Systemic Risks

Interconnectivity between systems is one of the defining features of our modern world, which is becoming ever more complex and dynamic. While this interconnectivity can increase system efficiency and service delivery, it can also reduce resilience and exposes the various layered systems to risk of various shocks and stresses.

Shocks to interconnected systems may cause feedback and cascading effects, extreme events, and unwanted side effects. Even when external shocks are absent, our interdependent global systems are vulnerable to failure at all scales, posing serious threats to society.

A better understanding of the resulting risks is essential for decision-makers in order to prepare their organisation for future challenges – but for many applications, traditional risk management practices are no longer adequate in the face of high uncertainty, system complexity and turbulence when disruptions are often unknowable and unforeseen. We need a paradigm shift in our thinking, moving our attention from the properties of the system components to the collective behaviour and emergent systemic properties resulting from the interactions of these components.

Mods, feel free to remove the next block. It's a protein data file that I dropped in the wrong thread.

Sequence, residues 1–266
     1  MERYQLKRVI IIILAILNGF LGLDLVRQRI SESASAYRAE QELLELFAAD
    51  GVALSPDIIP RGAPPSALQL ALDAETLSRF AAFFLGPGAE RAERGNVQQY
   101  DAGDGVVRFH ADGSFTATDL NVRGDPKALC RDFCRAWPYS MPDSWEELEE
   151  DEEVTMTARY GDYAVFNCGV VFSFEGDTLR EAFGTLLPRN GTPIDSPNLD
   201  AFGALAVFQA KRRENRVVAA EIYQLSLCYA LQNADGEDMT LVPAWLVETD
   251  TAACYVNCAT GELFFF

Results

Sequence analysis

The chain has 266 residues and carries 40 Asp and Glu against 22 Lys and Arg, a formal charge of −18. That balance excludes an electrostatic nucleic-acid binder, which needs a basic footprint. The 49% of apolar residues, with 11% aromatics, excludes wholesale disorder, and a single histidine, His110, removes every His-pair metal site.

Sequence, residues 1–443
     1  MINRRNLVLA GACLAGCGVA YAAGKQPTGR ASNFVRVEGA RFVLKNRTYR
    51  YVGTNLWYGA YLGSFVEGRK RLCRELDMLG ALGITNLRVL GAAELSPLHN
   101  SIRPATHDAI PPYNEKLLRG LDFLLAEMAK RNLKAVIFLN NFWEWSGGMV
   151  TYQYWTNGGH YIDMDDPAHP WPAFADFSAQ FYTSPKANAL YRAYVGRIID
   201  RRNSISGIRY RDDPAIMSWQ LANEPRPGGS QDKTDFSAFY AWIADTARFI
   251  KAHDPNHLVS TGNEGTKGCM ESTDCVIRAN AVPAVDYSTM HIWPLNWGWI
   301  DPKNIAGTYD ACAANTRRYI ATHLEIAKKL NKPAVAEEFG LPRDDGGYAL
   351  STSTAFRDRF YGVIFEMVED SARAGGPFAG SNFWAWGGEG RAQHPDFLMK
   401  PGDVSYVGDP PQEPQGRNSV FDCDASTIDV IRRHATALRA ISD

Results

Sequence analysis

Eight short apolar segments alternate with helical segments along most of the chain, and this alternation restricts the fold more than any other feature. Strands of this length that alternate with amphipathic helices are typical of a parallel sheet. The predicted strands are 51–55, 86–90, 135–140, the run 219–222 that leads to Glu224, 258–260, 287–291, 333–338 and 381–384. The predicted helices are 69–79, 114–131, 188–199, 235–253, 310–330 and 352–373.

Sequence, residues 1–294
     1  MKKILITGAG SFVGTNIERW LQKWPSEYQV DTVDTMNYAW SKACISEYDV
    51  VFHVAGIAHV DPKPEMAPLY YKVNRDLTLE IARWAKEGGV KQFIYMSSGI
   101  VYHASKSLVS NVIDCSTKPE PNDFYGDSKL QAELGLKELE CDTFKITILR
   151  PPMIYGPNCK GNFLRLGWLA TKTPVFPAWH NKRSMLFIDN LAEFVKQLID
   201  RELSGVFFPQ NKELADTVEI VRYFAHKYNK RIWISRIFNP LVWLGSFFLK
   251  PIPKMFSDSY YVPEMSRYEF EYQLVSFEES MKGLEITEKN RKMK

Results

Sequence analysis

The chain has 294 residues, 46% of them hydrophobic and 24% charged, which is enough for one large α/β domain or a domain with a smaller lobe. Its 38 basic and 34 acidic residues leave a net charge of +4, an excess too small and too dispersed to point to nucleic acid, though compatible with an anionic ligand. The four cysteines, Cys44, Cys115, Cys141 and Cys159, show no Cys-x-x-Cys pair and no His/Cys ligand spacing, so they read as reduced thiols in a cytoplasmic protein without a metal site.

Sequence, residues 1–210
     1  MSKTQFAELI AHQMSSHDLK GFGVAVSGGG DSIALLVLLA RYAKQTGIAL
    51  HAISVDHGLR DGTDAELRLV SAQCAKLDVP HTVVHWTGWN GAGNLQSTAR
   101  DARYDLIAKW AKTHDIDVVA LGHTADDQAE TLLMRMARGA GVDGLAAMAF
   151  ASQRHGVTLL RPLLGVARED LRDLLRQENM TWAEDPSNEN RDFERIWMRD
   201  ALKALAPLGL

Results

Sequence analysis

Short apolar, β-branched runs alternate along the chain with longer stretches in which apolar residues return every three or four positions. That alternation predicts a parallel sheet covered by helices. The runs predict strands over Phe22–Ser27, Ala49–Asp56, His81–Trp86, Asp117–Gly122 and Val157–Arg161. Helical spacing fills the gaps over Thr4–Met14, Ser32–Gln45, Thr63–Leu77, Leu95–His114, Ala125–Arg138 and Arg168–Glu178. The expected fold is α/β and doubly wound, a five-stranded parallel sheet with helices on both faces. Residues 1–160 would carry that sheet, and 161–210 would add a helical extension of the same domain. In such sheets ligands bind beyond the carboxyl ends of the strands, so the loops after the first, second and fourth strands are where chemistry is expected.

Although working to improve knowledge about those risks affecting multi-layer interconnected systems is an intellectually worthwhile exercise, priorities and constraints of organisations imply that they must focus on the specific problems posed by the difficulty of preparing for consequences that they do not know how to anticipate, and in particular those that result from crossing dangerous thresholds. Given such considerations, this project focuses on those aspects of systemic risks for which practical recommendations can reasonably be expected and formulated.

The scope is deliberately restricted to risks in physical and socio-ecological systems. Purely financial risks, which have already received much attention from scientists as well as regulators in the aftermath of the 2008 global financial crisis, are not in scope.

Project work includes:

  • Analysis of existing literature and proposals in the fields of (a) systemic risks, (b) slow-developing catastrophic risks (IRGC work) and (c) resilience
  • External contributions
  • Invitation-only workshops with practitioners and academics: